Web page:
Advocates Demand Clarity About Options For Patients In Financial Need

Many Americans continue to struggle with the high cost of medical care, unaware that non-profit hospitals are required to provide information about potential financial assistance or relief. But, a provision in the 2010 health law seeks to clarify what help hospitals should offer.

Advocates were on Capitol Hill Friday to raise awareness about the provision and to call on hospitals and community groups to increase access to care while also controlling costs. The health law requires hospitals to fulfill four requirements:  to develop written financial assistance policies that they make available to patients, to limit what they charge for services, to observe fair billing and debt collection practices, and to conduct regular community needs assessments to make sure help is going to communities that need it most.

Michael Miller, policy director at the national health advocacy group Community Catalyst, said that the need exists in the community for care for the uninsured. He said that hospitals and community groups must now figure out “what’s the most rational way to do this instead of [asking] are we going to pay for this or not.”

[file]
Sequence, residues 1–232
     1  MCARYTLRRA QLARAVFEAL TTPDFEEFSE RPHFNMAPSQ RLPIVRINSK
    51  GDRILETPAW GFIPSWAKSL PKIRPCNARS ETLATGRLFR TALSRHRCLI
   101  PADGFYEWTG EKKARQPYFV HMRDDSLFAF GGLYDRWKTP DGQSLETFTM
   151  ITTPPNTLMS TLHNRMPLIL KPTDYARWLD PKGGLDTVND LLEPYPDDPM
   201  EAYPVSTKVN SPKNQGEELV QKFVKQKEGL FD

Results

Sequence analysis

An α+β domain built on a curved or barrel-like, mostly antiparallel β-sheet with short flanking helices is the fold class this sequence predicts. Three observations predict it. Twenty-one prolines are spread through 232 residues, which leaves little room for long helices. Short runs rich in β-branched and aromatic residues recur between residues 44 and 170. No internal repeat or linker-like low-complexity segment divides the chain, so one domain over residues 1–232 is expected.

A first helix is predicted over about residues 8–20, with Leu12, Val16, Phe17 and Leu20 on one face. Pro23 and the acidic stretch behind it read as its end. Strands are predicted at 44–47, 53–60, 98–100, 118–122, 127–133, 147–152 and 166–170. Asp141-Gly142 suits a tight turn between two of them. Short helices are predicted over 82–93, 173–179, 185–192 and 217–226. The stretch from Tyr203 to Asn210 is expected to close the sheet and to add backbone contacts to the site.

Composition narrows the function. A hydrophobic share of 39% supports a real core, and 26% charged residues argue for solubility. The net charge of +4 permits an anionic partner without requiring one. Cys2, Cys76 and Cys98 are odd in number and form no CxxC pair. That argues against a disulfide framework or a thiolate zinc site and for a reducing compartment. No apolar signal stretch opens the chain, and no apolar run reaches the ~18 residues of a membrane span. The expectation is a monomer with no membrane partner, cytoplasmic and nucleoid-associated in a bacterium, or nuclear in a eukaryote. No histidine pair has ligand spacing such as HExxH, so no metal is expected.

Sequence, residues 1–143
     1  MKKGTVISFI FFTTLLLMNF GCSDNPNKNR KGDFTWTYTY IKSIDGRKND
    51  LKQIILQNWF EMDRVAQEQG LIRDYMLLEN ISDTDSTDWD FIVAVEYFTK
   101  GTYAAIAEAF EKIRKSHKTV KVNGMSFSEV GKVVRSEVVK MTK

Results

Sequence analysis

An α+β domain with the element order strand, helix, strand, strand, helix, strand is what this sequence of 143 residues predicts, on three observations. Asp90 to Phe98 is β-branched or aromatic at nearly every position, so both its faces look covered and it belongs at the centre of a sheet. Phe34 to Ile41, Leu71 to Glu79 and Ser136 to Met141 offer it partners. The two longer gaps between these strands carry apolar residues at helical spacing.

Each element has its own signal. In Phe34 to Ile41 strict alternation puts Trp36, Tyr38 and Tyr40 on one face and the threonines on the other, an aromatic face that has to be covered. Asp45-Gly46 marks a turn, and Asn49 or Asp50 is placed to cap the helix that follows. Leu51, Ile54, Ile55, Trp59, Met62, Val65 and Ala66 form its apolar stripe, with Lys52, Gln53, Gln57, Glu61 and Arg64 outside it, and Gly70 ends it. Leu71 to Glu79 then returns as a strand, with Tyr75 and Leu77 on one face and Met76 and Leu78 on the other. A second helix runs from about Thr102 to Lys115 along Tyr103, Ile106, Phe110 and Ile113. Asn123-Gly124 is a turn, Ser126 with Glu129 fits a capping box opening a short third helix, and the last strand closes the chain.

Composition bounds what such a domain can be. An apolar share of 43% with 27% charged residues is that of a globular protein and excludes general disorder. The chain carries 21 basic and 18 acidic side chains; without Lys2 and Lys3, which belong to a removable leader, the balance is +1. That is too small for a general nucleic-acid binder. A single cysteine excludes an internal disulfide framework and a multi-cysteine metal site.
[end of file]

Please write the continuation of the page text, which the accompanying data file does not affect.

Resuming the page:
For years, non-profit hospitals have received federal tax-exemption if they provide financial help, often called charity care or indigent care, to needy patients.  However, those hospitals, which represent 60 percent of hospitals nationally, often have inconsistent policies, and many have failed to get the word out to patients about what they offer. That failure has led some patients to fall into medical debt, which has become the leading cause of bankruptcy in the U.S. and has led to nearly half of foreclosures, according to Community Catalyst.

“Small amounts of medical debt can send families into a financial tailspin,” said Cathy Levine, executive director of the Universal Health Care Action Network of Ohio. “Protecting people from the crippling effects of medical debt has become especially important in this economy.”

Many hospitals fear that they would become flooded with needy patients who couldn’t pay their bills if they publicized charitable care, Levine said. But, she stressed, patients should be told about a hospital’s program immediately if they don’t have insurance coverage — typically the first question a hospital asks upon admittance. “It should be part of getting health care,” Levine said.

Matt Fishman, vice president for Community Health at Partners Healthcare in Boston, recalled that Brigham and Women’s Hospital didn’t have a sufficient financial assistance program in the early 1990s and worked with the advocacy group Health Care for All to figure out how to strengthen its policy.